But back then, Jack moved me from position to position to test his thesis of the portability of leadership, and I went to different businesses to different industries with different technologies. Jack wrote about my business acumen in his book, Straight from the Gut, “The numbers he was delivering were the best I had seen in my 40 years at the company and could well be the best operating performance of any business in GE history.”

Work for me went from vocation to avocation. Each new challenge – like taking a company such as GE Power Systems from worst to first – was a thrill. Throughout this time, Jack was simply an unbelievable mentor, role model, coach, and friend. He knew my wife, my children’s names, and what really drove me in business.

Another major influence during my GE days and beyond was Roger Penske, chairman and CEO of Penske Corp. He was on the GE Board of Directors and later agreed to join The Home Depot board, where we continued our professional business relationship and his mentorship. When I transitioned to run the new Chrysler Corp., Roger was there again, providing valuable support in Detroit, given his outstanding knowledge and success in the auto industry.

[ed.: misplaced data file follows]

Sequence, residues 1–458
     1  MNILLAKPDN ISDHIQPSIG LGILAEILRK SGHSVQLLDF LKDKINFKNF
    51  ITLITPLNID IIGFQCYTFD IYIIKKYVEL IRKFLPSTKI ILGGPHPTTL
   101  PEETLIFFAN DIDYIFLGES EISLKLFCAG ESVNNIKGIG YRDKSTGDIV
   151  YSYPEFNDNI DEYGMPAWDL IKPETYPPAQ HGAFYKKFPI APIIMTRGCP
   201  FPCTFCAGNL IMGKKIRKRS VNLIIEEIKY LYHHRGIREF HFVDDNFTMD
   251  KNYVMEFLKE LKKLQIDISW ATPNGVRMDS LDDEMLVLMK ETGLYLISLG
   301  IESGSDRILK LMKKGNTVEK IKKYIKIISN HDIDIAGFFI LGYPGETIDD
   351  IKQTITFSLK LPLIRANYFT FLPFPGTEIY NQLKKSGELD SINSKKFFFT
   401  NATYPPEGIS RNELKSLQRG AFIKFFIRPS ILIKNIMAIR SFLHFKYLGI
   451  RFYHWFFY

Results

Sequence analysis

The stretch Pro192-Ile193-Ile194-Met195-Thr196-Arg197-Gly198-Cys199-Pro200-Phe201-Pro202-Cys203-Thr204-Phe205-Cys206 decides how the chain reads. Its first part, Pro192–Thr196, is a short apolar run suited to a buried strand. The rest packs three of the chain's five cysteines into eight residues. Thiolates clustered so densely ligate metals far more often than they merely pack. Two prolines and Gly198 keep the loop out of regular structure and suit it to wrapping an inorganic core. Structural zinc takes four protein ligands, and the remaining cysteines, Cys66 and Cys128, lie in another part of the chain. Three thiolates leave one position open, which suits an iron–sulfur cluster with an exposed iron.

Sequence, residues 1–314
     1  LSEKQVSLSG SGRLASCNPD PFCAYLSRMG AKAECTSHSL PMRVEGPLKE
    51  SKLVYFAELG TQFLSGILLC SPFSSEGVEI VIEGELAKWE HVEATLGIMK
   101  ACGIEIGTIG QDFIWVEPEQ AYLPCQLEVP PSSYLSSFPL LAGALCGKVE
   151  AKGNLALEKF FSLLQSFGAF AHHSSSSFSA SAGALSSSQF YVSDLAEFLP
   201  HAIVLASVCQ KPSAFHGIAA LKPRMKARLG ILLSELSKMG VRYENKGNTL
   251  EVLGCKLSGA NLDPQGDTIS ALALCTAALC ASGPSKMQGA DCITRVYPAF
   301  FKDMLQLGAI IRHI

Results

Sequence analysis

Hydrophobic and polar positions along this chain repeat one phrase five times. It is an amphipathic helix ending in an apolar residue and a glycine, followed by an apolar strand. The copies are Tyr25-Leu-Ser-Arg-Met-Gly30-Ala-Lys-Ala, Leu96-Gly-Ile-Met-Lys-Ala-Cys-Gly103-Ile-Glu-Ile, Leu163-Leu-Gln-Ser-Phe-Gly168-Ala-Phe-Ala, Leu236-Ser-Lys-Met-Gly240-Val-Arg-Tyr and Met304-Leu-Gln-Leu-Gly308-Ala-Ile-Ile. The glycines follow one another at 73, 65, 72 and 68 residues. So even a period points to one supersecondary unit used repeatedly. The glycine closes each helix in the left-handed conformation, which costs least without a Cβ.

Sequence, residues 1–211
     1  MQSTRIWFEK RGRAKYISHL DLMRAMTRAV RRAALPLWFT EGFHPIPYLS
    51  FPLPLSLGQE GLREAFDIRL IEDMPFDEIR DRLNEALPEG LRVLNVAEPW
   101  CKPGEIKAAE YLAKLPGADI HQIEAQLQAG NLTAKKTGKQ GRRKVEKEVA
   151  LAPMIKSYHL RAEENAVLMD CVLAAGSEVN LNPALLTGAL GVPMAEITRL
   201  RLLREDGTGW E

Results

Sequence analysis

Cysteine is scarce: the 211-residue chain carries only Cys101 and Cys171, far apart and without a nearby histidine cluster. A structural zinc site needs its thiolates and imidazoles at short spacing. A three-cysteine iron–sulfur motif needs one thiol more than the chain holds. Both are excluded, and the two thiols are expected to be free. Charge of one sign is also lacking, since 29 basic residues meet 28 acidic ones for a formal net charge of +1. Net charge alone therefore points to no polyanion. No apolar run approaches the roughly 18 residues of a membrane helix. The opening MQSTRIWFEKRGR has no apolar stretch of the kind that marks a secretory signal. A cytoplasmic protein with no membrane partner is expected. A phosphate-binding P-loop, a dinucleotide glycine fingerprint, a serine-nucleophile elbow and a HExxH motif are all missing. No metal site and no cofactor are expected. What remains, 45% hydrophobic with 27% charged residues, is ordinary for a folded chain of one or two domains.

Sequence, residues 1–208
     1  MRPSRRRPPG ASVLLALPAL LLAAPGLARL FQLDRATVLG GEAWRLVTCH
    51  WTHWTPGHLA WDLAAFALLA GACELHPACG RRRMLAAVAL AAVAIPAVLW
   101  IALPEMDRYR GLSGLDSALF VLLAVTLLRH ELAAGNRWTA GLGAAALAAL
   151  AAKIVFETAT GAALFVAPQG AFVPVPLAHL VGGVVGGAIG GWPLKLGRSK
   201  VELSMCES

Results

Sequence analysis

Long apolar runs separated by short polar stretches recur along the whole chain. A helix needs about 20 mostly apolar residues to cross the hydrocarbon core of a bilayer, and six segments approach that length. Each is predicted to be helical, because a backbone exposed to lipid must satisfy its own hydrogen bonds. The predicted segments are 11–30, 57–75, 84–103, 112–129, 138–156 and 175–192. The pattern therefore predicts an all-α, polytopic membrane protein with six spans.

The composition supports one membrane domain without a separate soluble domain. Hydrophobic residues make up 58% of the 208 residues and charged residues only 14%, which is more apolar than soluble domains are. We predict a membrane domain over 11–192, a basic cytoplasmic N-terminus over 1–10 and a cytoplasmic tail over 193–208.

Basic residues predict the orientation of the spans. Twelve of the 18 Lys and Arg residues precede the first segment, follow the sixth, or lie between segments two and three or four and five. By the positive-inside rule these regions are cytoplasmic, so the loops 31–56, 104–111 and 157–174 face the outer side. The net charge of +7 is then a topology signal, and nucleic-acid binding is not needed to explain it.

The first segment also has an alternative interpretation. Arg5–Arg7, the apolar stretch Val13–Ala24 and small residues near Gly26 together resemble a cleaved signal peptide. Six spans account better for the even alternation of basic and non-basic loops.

I learned so much from Jack, Roger and many others. Some people are adamant about growing vertically as fast as they can, but I’ve found that a broad base of both horizontal and vertical promotion gave me a diversity of experiences that I would never have received if I’d always simply followed the financial reward.

But perhaps most of all, these leaders instilled in me a child-like curiosity, and I’ve held onto it ever since. And that’s the biggest takeaway, and one I strive to always follow: Listen, learn … and then lead.

During his 40-plus years in the business world, Bob Nardelli has grown the sales and profits of a number of multi-national corporations including the General Electric Co. and The Home Depot, and he helped save Chrysler and its iconic brands when the American auto industry began to collapse. In addition to his board and volunteer service, he is the founder of XLR-8, LLC, Investment & Advisory Co., which helps companies identify weaknesses and improve performance. Read more about Bob at